KALEMIE Democratic Republic of Congo (Reuters) - Human Rights Watch (HRW) accused police in the Democratic Republic of Congo on Tuesday of summarily executing at least 51 people in an anti-gang operation and of being responsible for the disappearance of at least 33 more.
The report, based on witness testimony, is the second high-profile inquiry into Operation Likofi, or ‘punch’ in the Lingala language. The operation was launched a year ago to tackle criminal gangs in the capital Kinshasa.
U.S.-based HRW accused police involved in Operation Likofi of executing unarmed young men at home in front of family members and in markets in an attempt to intimidate the local population.
The mother of one man shot dead by police recounted how an officer told onlookers: “Come look. We killed a ‘kuluna’ (gang member) who made you suffer.”
HRW said there were likely to have been more killings than the 51 it managed to document. One police officer in the operation told HRW that well over 100 had been killed.
Interior Minister Richard Muyej told Reuters cases of misconduct were under investigation.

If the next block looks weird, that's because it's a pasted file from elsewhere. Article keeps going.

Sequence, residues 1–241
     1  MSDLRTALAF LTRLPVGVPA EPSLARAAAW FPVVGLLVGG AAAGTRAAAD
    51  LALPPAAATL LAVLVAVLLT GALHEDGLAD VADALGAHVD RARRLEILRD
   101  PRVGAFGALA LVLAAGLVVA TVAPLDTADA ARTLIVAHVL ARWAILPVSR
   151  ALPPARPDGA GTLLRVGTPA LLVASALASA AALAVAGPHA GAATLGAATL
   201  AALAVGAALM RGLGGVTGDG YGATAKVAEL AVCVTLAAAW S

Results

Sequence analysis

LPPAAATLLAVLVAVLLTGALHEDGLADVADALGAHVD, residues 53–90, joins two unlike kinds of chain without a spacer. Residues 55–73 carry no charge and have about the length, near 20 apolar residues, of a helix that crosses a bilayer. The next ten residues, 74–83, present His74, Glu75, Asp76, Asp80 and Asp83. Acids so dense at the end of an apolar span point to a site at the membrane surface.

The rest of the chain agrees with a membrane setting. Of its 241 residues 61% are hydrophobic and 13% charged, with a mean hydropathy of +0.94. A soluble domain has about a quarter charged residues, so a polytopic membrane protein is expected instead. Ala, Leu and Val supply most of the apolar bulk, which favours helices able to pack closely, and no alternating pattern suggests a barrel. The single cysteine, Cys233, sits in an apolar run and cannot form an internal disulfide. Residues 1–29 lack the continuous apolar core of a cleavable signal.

“Cases of misconduct have been presented to the justice system. For us, transparency is important ... Before the courts there are cases of police who were involved in the operation. We are transparent in all of this,” Muyej said.
However, HRW said none of the police officers arrested or prosecuted since the operation had been arrested in connection with killings or disappearances from the operation itself.
The United Nations Joint Human Rights Office (UNJHRO) in Congo accused the Congolese National Police in October of executing at least nine people in the operation, which ended in February.
The government rejected that report, accused its authors of trying to destabilize the government and expelled the head of the U.N. office, angering the U.N. Security Council, which has reported threats against UNJHRO staff.
In an effort to assuage the international criticism, Muyej convened ambassadors in Kinshasa last Friday and said the government would work with UNJHRO.
(The story was refiled to correct the spelling of Kalemie in the dateline)
Editing by Matthew Mpoke Bigg and Gareth Jones